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FINDINGS

Friday, September 3, 2004; Page A06

Citing 157,000 Deaths, CDC Stresses Basic Safety

More than 157,000 Americans were killed and about 1.6 million hospitalized by car crashes, falls, violent acts and accidents in 2001, federal officials said yesterday in a report that urged the nation to pay more attention to basic safety.

Researchers with the Centers for Disease Control and Prevention said data from the 50 states and District showed the problem of unintentional injuries cuts across age, gender and race.

_____Avian Flu News_____
FINDINGS (The Washington Post, Jul 7, 2004)
SCIENCE (The Washington Post, Jul 5, 2004)
FINDINGS (The Washington Post, Jun 29, 2004)
Canada to Kill Millions of Birds as Flu Spreads (The Washington Post, Apr 6, 2004)
More on Avian Flu

One in 10 U.S. residents, or about 29.7 million people, were treated for nonfatal injuries in emergency rooms in 2001, according to the CDC report, the first to study the magnitude of both fatal and nonfatal injuries in the nation.

"This makes it very clear that everyone is impacted by injuries," said Lee Annest, a CDC statistician. "We have to understand that we all have a risk of injury, and there are things we can do to reduce the risk."

The price tag of injuries is an estimated $117 billion in annual health care expenses.

Cats Can Contract And Spread Bird Flu

Cats can not only contract deadly bird flu but can also spread it to other felines, Dutch researchers reported yesterday, raising new questions about the pets' role in outbreaks.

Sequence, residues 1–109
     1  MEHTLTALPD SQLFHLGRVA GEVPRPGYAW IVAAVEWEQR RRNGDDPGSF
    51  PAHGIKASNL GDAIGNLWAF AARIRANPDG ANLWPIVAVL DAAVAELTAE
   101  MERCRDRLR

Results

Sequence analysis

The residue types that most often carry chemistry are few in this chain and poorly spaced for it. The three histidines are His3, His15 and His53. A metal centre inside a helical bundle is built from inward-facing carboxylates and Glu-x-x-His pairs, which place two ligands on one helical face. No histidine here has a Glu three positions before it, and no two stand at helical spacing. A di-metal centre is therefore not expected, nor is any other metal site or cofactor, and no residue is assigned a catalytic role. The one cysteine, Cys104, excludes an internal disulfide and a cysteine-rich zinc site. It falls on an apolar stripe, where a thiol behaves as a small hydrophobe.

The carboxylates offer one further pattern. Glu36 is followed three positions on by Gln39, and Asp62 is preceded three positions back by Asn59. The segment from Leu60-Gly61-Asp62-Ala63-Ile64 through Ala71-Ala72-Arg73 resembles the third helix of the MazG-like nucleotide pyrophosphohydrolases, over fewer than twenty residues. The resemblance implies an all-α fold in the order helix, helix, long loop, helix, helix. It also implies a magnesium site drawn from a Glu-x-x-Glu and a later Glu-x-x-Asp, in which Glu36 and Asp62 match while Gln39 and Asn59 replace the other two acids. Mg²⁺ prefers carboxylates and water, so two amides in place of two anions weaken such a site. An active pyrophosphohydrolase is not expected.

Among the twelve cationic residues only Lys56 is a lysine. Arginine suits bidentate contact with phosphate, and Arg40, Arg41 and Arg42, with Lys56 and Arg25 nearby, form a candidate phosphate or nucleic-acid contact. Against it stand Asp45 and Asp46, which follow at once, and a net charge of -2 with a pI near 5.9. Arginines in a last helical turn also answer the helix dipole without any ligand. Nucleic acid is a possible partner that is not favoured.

So far, cats have not been implicated in the spread of avian flu to people, said World Health Organization influenza expert Klaus Stohr. There are two potential reasons, he said: "One is nobody looked. The other is they don't play a role," as infected cats do not shed as much virus as infected poultry.

Bird flu has caused recurring outbreaks in recent years, including killing 27 people in Asia this year. Human infections until now have been traced to direct contact with infected poultry or poultry waste, and millions of chickens and other fowl have been slaughtered in attempts to stem the spread of the disease.

WHO alerted scientists to examine household cats and other mammals whenever they investigate human bird-flu infections. The first such check, in Vietnam last week, found that cats in patients' households were healthy, Stohr said.

Because the bird flu is different from human influenza strains that typically infect people, scientists fear it eventually could lead to a human flu pandemic.

The new research was reported in the journal Science.

Master Cells in Follicles Could Replace Hair, Skin

Master cells found inside hair follicles might offer a new way to treat baldness and burns, researchers reported yesterday.

So far the cells have been found only in mice, but there is no reason to believe they do not also exist in humans, the team at the Howard Hughes Medical Institute and Rockefeller University in New York said.

The stem cells replace not only hair but also skin and sebaceous glands, key to healthy skin and hair, they report in this week's issue of the journal Cell.

In this case, the stem cells the researchers found are adult stem cells that retain the ability to change their "type" to some degree. They are different from stem cells taken from embryos, a more controversial source.

-- From News Services


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